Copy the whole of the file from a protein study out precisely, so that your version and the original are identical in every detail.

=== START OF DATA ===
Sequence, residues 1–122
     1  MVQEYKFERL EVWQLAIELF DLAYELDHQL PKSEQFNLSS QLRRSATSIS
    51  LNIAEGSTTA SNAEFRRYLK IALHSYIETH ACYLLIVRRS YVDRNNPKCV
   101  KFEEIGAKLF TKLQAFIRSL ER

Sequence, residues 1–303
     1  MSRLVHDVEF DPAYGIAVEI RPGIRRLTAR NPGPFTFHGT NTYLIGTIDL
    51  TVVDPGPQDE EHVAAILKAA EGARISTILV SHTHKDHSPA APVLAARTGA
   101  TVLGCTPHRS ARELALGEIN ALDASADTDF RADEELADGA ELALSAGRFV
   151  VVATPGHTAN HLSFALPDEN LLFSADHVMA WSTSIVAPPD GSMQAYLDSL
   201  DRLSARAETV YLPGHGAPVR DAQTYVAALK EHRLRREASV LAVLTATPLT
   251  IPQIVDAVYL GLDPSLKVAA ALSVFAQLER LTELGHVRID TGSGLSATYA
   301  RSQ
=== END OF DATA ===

Sequence, residues 1–122
     1  MVQEYKFERL EVWQLAIELF DLAYELDHQL PKSEQFNLSS QLRRSATSIS
    51  LNIAEGSTTA SNAEFRRYLK IALHSYIETH ACYLLIVRRS YVDRNNPKCV
   101  KFEEIGAKLF TKLQAFIRSL ER

Sequence, residues 1–303
     1  MSRLVHDVEF DPAYGIAVEI RPGIRRLTAR NPGPFTFHGT NTYLIGTIDL
    51  TVVDPGPQDE EHVAAILKAA EGARISTILV SHTHKDHSPA APVLAARTGA
   101  TVLGCTPHRS ARELALGEIN ALDASADTDF RADEELADGA ELALSAGRFV
   151  VVATPGHTAN HLSFALPDEN LLFSADHVMA WSTSIVAPPD GSMQAYLDSL
   201  DRLSARAETV YLPGHGAPVR DAQTYVAALK EHRLRREASV LAVLTATPLT
   251  IPQIVDAVYL GLDPSLKVAA ALSVFAQLER LTELGHVRID TGSGLSATYA
   301  RSQ